I am writing my story here as many a time I have thought about an experience that happened to me and my first wife (now divorced) which occurred over 20 years ago (1992) on our honeymoon in France; the experience of which still haunts me.
As weddings go we had a very sweet affair that took place outside of Paris, France in a small town in a beautiful French country restaurant. As the evening festivities were going on, we did a very traditional departing from our guests and bid them farewell as we had a long 2.5 hour drive to the coast. Our thoughts on leaving our guests were that we wanted to spend the night in Dieppe, France, which is a coastal town, and then the next day proceed in a lovely drive along the coast of France to reach our honeymoon destination, which was Bruges, Belgium where we had booked a week's stay at the Pullman Hotel.
As it was late, and we wanted to be careful as we drove, we did not take the autoroute (main highway) but drove to our destination along what is called in France the old national highway. It was a longer way of going but the evening was beautifully warm and so we took our time and drove with the car windows open, admiring the tree lined road, all excited about reaching our hotel, the Hotel Windsor where we had booked the honeymoon suite.
When we finally reached our destination, we drove into the town and we were very interested to see how medieval the town's appearance was. It reminded me very much of the Canadian city of Quebec City, as it had a very old gate entrance which we passed through and there were cobblestone streets and many turrets rising from various fortress-like structures. It was, though, completely void of lights and completely silent. On first impression it was sort of eerily quiet and dark and so I was thankful that the moon was shining brightly, as it was sort of our guide to navigate the twists and turns of this medieval city.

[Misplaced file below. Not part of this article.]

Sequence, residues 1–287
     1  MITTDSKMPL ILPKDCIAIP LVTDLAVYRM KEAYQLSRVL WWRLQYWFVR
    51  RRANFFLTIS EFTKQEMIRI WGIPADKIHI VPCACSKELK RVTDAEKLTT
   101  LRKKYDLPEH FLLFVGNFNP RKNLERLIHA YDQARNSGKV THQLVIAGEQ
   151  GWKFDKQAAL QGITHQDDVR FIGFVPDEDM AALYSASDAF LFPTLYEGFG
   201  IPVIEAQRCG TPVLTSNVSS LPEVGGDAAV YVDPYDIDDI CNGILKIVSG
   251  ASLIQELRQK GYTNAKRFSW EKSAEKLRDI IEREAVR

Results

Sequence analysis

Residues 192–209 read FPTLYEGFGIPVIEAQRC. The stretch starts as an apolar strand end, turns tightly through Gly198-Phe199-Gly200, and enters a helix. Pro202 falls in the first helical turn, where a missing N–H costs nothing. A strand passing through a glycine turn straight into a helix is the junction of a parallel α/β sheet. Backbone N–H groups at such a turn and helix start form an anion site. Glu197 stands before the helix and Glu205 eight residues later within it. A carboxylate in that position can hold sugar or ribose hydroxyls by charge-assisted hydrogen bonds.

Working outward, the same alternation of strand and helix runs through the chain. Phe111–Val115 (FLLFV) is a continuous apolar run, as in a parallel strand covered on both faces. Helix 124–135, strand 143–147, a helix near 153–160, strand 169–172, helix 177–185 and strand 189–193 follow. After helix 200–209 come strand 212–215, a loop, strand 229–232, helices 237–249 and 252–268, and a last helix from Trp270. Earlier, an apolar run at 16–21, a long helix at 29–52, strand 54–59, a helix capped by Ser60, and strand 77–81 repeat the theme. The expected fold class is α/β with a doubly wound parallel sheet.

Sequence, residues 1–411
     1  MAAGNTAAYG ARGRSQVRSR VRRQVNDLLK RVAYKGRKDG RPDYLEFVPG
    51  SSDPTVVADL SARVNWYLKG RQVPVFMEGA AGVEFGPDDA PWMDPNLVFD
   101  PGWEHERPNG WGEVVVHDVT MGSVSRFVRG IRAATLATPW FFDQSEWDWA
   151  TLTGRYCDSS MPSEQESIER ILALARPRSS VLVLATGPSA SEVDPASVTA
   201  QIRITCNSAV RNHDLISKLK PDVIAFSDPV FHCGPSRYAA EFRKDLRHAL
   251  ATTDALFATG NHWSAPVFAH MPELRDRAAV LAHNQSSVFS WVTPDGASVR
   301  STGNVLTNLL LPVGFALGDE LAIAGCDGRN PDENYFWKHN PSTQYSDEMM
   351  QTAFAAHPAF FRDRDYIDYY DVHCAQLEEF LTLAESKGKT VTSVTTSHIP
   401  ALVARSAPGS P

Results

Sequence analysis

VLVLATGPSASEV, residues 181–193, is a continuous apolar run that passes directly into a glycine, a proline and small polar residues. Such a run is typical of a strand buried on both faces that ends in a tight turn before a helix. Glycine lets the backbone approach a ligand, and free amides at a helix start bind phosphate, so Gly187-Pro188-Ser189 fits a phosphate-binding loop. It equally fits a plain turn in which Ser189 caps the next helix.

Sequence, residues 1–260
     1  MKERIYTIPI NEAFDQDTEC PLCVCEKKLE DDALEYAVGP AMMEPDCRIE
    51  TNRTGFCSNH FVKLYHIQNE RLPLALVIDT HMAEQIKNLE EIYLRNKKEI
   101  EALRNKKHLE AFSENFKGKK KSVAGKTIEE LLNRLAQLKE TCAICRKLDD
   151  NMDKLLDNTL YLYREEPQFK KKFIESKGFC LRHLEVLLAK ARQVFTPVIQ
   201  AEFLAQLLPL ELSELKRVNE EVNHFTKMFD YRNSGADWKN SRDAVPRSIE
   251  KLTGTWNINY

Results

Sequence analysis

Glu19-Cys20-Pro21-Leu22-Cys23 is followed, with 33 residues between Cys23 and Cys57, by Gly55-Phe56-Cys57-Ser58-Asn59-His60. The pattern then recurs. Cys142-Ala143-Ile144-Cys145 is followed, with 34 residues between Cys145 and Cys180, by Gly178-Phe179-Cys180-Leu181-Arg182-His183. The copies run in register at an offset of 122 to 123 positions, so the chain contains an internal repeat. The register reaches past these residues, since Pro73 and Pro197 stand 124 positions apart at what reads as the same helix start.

As an aside, I don't remember saying much of anything to my bride or her saying much of anything to me as we drove down these strange streets but there was something definitely in the air, something that was sort of unsettling; a feeling in the air but nothing we spoke openly about. I remember feeling how odd it was that we didn't hear anything or see anything: no cars, dogs, cats or other people, but chalked this up to the time of evening. It now was probably getting close to 3:00 a.m.
When we finally stopped the car out-front of the hotel, we couldn't really find where to park our car so we drove it some distance to where we could leave it safely along the coast. As we walked back to the hotel, the only thought we had was a good night's sleep and so as far as the car was concerned, we felt that would come back to get it when we learned about where the car park was; so "no matter" we thought. Other than that, I can only remember the romance but the deathly quiet of the evening as we strode hand-in-hand along the moonlit streets.
As we arrived and stepped into the hotel, what we found was a very old-fashioned dark lobby with potted palms and old tufted red velvet button furniture and a very plump man with a funny moustache, the kind people wax at the ends who, as I recall, was wearing a vest and a collarless shirt. This man who was sitting at the front desk didn't really have much of an expression but I figured it was very late and he probably was very tired. Oddly though, again there were no lights on except the light of the candle that was burning through a glass-type lantern that was on his desk. But no mind, we had finally arrived and were looking forward to getting into our room and so, in my broken French, I asked about our reservation and the gentleman promptly turned an old ledger that was in front of him and handed me a pen to sign. The only odd thing we felt at that moment was the kind of pen which was given to us as it was the kind one would use to dip into a pot of ink. But thinking all of this was very quaint and a traditional French way of doing things, we did just what he showed us to do and together we excitedly signed our names as a newly married couple.